Win a copy of ‘Black Earth: A Journey through Ukraine’

The cover story of last Saturday’s Guardian Weekend was an interview with Volodymyr Zelenskiy. He used to be a comedian, and played a man who becomes president of Ukraine; now he is president of Ukraine. 

  As Shaun Walker and Andrew Roth put it in their Guardian article, Zelenskiy is now “running a country of 42 million people that in the past few years has seen a revolution, a land-grab [of Crimea] by Vladimir Putin and an ongoing war in its eastern regions”. It’s a country that figured, too, in the impeachment proceedings against Donald Trump.

  I’ve recently become more familiar with the place behind the headlines, having read Black Earth, a pacey and populous book by the German journalist Jens Mühling. It was published in English (under Haus Publishing’s imprint The Armchair Traveller) last August, but hasn’t had the attention it deserves. Like his last book, it was prompted by a feeling that he didn’t really know a place where he had long been working as a reporter, and by an urge to make good the deficiency. 

  A Journey into Russia, which was short-listed for the Stanford Dolman prize in 2015, was an attempt to get at “the soul of Russia” — a topic on which Mühling was regularly asked to speak at editorial meetings but which he felt ill-equipped to address. It was a book that barely mentioned the name “Putin” or the word “oligarch”, and which conveyed powerfully the grip that religion still has on the country. 

  Similarly, Black Earth (translated as the last book was by Eugene H Hayworth) was sparked by Mühling’s realisation that in his journalistic work he had really only skimmed the surface of Ukraine. So he set out to get the measure of it, travelling through it from the Polish border to the Russian one. Along the way, he talked to nationalists and old communists, Crimean Tatars and Cossacks, smugglers, archaeologists and soldiers, gathering stories “of life and of grief and of love”.  You can read an extract here on Deskbound Traveller

  Thanks to Haus Publishing, I have four copies of Black Earth to give away. To be in with a chance of winning one, just retweet my mention of the book from either @kerraway or @deskboundtravel, or like and share my post about the book on

Terms and conditions
Entrants must retweet a mention of the prize on Twitter from @deskboundtravel or @kerraway, or like and share the post about the prize on the Deskbound Traveller Facebook page, by midnight on March 17. Each winner, who must be resident in the United Kingdom or Ireland, will receive one copy of the book. Winners will be selected at random and notified by March 23. Unsuccessful entrants will not be contacted. For more about Haus Publishing’s travel books, see the company’s website.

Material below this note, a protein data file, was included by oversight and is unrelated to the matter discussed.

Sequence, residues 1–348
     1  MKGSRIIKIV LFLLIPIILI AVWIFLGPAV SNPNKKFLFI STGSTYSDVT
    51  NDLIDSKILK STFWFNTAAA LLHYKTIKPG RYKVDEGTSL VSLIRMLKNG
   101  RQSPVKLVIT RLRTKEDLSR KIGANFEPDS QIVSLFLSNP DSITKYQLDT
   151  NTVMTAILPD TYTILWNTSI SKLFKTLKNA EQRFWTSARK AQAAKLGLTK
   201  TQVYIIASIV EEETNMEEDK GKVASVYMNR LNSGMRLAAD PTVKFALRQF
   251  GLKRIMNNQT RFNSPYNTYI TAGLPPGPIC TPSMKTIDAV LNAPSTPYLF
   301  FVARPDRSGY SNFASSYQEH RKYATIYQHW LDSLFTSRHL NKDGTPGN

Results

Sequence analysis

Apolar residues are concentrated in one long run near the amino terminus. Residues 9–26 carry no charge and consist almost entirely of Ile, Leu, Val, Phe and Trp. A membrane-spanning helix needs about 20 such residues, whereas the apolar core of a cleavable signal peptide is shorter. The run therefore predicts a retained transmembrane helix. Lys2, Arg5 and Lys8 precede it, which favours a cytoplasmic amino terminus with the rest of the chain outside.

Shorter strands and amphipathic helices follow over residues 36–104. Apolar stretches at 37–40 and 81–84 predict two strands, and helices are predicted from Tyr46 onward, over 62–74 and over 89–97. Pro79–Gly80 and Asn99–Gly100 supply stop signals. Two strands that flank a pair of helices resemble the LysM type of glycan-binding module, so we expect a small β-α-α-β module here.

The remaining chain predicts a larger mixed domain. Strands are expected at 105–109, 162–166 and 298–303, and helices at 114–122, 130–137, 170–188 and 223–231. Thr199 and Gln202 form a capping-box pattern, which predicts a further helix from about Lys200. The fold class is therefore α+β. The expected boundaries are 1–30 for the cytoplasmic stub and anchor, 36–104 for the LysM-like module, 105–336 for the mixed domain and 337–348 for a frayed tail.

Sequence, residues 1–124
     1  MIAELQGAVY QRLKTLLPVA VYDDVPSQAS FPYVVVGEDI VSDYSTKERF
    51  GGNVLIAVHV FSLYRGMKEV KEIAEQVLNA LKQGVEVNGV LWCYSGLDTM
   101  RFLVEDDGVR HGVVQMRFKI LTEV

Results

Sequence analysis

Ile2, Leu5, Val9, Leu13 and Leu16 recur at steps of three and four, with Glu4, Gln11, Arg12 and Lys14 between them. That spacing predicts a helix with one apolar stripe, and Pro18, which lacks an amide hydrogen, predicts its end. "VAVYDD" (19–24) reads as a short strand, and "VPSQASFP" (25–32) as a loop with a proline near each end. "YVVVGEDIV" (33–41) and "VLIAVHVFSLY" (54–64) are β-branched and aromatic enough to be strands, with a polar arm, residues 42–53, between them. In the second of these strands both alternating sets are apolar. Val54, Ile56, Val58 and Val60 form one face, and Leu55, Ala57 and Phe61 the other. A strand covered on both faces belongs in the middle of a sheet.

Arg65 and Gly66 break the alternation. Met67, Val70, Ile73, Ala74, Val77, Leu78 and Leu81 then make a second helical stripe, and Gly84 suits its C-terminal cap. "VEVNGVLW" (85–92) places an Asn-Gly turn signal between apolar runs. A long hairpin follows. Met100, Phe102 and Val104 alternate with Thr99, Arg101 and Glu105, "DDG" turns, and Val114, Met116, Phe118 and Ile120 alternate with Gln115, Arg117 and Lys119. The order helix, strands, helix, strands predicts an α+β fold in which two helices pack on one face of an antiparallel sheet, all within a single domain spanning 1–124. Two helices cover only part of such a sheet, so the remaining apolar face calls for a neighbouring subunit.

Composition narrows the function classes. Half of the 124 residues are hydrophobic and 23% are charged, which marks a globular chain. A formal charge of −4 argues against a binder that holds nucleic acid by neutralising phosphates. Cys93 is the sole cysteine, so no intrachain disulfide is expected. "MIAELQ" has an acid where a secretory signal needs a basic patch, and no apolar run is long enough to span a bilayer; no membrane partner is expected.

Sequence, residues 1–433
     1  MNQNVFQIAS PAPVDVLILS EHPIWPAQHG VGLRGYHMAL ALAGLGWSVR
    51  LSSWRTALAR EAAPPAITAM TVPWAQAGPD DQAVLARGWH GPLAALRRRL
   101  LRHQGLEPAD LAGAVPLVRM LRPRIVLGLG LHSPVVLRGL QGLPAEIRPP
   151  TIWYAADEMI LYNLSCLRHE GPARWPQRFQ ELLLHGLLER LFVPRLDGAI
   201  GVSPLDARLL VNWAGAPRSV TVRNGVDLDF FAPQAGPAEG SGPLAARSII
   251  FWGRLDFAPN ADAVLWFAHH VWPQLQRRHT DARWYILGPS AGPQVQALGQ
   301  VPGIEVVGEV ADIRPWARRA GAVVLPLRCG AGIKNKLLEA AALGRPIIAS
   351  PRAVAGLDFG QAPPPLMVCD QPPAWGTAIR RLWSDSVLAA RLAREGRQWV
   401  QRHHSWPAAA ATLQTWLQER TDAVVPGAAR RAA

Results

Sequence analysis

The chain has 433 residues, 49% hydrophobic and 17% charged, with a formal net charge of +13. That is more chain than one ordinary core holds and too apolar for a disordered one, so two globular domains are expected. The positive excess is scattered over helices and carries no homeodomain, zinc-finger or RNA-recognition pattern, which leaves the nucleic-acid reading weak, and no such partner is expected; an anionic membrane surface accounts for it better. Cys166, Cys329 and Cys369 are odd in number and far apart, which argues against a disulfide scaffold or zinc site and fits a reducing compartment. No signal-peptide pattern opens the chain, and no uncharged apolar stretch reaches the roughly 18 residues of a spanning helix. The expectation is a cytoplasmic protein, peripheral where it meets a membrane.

Jan Morris’s favourite travel book

Jan Morris has spent her life travelling and writing, but has never considered herself a travel writer, on the basis that her books have tended to be about places (Venice, Trieste, Hong Kong, Sydney) rather than journeys. In an interview for the review section of The Observer at the weekend, she told Tim Adams that her Pax Britannica trilogy on the rise and fall of the British Empire was “the centrepiece of my life, really, I hesitate to say intellectually, but certainly emotionally”.

  Morris, who is 93 and doesn’t travel far these days from her home in Llanystumdwy, in Wales, is about to publish a second diary, Thinking Again. Its tone, says Adams, “is of someone who has seen the whole world and decided on this place as an ending”.

  A few years ago, I invited Morris to contribute to a series, “Companion Volume”, in which writers nominated a favourite travel book. This is what she wrote:

“They order this matter better in France,” announces the narrator in the very first line of Laurence Sterne’s A Sentimental Journey through France and Italy (1763).

It is one of the best-known opening lines in literature, and I love it because it cocks a merry snook at what is popularly called travel writing. The narrator has not yet set foot in France, he never does get to Italy and the whole inimitable work might better be described as un-travel writing.

To my mind travel is incidental to most of the best travel books. It is merely a peg on which authors can hang reflections, humours, regrets and irritations, set for effect against the passing scene. Such books are not intended to tell readers what they will themselves find if they chance to go that way. They record the state of an author’s own sensibility, on a particular journey, at a particular time.

Sterne does indeed travel through France, but his France is purely personal to himself. He describes no great sights, he offers no descriptive passages, and he really might just as well be travelling through Ruritania — where they may also order matters better, for all I know.

Macfarlane wins Stanford Dolman prize for ‘Underland’

The £2,500 prize for Stanford Dolman Travel Book of the Year went tonight to Robert Macfarlane (right) for Underland (Hamish Hamilton), a book in which he travels into the world beneath our feet and what we’ve made of it — physically, with mines and tombs, and metaphorically, with myths and legends. It takes him from Bronze Age funeral chambers in Somerset, via the catacombs of Paris, to a nuclear bunker in Finland.

  The prize, which the bookseller Stanfords runs in association with the Authors’ Club, is now part of a Stanfords scheme with awards in 10 categories, ranging from memoir to children’s travel.

  An award for an outstanding contribution to travel writing went to Paul Theroux, who has long written non-fiction as well as novels and whose latest travel book (and 51st book), On the Plain of Snakes: A Mexican Road Trip, was short-listed for the Stanford Dolman.

  An award for new travel writers, run in association with Bradt Travel Guides, went to Kirstin Zhang — who  was raised in Cyprus and Papua New Guinea and currently lives in Edinburgh — for an 800-word article about a trip to Uganda. She works for the arts body Creative Scotland and has written short fiction for magazines and for Radio 4. 

  For the full list of awards and the short-listed books, see the Stanfords website.